The fact that financial resources often determine the timing and kind of care sought has equity implications. A well performing community health program can significantly mitigate the effects of these financial barriers [23]. However, currently the LHW program is not adequately performing that function. Improved LHW services, with higher community utilization and better quality of services at referral health facilities could remove that barrier and improve health outcomes for disadvantaged communities.

The predilection for doctors may also be due to the large presence of private doctors in the community who are at times more easily accessible than public sector facilities. Our finding that caregivers prefer private health providers over public providers and that they see private providers as more competent and responsive is in keeping with research done in Pakistan and other countries in South Asia [4].

One potential limitation of this study is the usual challenge of converging quantitative and qualitative data to arrive at meaningful results. To prevent methodological differences from creating a bias and maintain transparency we have ensured clearly pointing out data sources for all data quoted in the results. Secondly, most of our in-depth analysis of decision making practices comes from narrative stories with a limited sample size. Even though we made efforts to have a balanced sample in terms of gender and socio-economic status, it is possible that this data may not be completely representative of broader trends in Pakistani rural population.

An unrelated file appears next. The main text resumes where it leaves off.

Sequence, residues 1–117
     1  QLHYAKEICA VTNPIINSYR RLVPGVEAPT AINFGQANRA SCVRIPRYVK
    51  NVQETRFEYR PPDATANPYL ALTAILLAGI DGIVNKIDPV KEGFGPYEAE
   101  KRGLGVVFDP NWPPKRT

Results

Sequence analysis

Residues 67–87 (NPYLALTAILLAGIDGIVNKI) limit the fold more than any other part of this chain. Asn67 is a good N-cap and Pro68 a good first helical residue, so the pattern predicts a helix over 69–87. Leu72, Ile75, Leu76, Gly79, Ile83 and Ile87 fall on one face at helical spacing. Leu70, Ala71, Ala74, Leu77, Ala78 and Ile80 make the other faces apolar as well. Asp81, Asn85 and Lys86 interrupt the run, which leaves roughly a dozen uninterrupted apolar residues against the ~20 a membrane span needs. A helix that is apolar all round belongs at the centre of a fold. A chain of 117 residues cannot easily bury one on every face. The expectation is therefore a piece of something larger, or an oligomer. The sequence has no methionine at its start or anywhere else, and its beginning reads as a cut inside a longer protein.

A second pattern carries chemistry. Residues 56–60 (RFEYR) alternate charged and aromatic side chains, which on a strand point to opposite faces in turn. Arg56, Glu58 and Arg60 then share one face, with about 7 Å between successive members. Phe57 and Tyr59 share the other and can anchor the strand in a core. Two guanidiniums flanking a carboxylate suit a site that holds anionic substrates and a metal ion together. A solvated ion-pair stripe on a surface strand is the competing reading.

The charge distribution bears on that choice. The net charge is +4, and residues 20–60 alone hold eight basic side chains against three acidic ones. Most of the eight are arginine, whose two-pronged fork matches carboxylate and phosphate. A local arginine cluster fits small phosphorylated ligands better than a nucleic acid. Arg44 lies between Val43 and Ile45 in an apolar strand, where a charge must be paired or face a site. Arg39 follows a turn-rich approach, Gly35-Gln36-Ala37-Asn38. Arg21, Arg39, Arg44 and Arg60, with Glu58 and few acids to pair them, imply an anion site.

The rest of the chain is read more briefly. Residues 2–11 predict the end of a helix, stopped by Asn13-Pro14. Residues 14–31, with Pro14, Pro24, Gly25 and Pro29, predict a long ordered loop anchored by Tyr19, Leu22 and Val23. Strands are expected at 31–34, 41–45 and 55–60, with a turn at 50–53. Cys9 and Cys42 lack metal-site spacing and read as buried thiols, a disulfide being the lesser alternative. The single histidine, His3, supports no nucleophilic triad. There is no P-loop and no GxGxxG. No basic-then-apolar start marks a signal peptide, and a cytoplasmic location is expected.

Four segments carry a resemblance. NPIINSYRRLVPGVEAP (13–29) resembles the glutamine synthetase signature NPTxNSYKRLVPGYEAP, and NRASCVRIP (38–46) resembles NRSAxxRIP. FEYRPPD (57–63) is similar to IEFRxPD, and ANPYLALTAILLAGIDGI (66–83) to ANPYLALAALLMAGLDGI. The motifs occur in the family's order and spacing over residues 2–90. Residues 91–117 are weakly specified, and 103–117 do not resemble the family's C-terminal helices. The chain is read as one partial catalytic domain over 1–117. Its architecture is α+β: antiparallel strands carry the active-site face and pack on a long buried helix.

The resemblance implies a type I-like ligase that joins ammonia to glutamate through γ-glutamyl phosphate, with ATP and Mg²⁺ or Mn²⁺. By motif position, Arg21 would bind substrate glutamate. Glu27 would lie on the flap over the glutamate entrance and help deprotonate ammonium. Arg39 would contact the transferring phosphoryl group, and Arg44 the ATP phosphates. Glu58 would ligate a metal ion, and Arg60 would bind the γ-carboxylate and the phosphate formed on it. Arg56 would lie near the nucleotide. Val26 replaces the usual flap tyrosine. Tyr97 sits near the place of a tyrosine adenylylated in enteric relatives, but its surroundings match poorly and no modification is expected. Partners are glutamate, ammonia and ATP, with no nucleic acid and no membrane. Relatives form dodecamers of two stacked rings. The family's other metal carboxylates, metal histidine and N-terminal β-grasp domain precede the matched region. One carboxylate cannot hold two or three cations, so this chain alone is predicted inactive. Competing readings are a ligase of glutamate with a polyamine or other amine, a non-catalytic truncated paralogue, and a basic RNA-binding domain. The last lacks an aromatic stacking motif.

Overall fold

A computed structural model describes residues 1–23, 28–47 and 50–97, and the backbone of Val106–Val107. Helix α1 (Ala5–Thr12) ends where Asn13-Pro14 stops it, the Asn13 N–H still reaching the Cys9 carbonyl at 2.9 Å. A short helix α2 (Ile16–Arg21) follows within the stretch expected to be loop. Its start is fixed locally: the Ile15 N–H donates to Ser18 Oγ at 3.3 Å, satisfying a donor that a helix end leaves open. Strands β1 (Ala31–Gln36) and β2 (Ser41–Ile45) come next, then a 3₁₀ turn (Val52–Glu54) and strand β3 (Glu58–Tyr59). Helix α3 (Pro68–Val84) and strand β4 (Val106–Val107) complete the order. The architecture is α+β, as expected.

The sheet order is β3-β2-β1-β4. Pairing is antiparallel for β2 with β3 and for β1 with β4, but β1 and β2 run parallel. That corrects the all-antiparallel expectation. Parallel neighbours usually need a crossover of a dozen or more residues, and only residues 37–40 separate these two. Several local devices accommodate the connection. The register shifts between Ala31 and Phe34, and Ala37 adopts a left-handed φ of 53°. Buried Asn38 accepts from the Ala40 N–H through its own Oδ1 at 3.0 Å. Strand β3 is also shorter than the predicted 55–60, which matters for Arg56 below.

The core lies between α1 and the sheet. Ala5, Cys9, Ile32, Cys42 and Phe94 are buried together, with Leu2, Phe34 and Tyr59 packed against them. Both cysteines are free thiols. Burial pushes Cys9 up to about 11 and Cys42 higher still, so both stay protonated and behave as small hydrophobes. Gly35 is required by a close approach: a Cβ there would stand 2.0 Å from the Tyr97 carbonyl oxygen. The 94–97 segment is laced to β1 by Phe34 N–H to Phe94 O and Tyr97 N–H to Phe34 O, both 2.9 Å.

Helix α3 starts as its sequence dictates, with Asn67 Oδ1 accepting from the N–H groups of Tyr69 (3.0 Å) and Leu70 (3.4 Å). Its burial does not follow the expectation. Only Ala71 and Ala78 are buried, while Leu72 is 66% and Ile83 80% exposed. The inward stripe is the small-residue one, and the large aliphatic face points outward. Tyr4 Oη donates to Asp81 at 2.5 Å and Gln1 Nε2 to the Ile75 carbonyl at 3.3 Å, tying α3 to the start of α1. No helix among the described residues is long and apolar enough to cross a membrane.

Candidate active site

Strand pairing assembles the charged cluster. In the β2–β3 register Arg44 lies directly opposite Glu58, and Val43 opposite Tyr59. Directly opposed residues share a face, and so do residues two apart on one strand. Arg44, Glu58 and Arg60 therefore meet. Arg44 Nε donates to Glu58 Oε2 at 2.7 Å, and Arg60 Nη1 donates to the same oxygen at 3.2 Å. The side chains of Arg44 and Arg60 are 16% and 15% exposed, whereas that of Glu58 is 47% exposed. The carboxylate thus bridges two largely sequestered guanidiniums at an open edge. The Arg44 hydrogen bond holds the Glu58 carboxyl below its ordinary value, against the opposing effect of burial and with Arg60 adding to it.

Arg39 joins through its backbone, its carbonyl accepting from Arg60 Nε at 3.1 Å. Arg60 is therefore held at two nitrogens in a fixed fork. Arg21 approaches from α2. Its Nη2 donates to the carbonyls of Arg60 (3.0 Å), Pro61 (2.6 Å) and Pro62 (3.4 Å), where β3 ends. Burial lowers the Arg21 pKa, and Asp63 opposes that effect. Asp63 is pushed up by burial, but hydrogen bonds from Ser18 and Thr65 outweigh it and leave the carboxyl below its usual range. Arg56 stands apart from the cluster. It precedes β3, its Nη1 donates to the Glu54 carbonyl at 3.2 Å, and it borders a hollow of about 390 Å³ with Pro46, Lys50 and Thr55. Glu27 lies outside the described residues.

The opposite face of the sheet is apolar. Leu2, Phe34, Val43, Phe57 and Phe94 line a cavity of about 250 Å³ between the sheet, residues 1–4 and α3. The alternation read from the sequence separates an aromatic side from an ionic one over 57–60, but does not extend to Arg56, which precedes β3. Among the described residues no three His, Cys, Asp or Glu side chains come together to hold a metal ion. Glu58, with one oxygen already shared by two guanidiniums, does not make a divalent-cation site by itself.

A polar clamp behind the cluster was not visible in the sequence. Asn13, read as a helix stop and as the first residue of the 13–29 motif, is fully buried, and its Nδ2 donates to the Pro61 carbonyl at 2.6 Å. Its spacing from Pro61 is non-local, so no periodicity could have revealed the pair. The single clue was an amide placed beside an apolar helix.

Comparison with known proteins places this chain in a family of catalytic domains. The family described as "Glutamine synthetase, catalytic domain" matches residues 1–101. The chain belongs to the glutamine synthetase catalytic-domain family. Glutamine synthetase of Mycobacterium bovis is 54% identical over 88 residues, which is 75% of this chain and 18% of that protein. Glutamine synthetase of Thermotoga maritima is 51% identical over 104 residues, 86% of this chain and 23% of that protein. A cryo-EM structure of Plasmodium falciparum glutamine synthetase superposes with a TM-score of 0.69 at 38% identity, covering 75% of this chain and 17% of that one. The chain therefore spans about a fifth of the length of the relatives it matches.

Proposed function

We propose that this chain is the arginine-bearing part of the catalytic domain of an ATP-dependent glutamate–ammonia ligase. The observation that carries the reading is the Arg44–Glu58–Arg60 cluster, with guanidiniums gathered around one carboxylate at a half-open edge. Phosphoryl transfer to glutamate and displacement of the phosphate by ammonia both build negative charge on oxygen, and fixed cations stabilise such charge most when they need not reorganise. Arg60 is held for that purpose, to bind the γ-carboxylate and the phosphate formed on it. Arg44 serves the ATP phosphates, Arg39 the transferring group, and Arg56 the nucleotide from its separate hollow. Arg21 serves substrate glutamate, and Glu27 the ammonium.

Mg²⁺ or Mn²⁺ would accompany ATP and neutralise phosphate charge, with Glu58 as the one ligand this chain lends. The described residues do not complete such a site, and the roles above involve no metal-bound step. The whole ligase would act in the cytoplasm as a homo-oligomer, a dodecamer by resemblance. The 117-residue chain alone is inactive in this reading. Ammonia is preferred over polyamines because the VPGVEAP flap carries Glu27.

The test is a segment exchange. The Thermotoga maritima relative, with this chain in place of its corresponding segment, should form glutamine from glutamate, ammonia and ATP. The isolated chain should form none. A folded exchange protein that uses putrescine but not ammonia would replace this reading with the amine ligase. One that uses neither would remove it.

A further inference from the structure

This study shows that caregivers of under-five children in Badin have to make many choices in seeking care for illness. These choices are shaped by a number of social, financial, and health system factors. Health service delivery, from the community to the health facility, must take these concerns into consideration to facilitate correct care seeking decisions by caregivers. In the short term, ensuring timely, appropriate care seeking for children sick with diarrhea and pneumonia means removing the knowledge and disease recognition deficiencies among caregivers, improving LHWs’ capacity to provide quality care, enhancing facility based health infrastructure, better transport options, and removing financial barriers to care seeking.

Reducing childhood diarrhea and pneumonia related morbidity and mortality will require rigorous efforts to scale up evidence-based interventions, especially community-based preventive, promotive and therapeutic strategies, as well as availability of commodities and health workers in primary care. A lack of appropriate care seeking for ill children by community care providers is a major challenge requiring both demand creation as well as provision of services. In the long term, broader socioeconomic and cultural determinants of care seeking should be addressed in order to influence care seeking practices.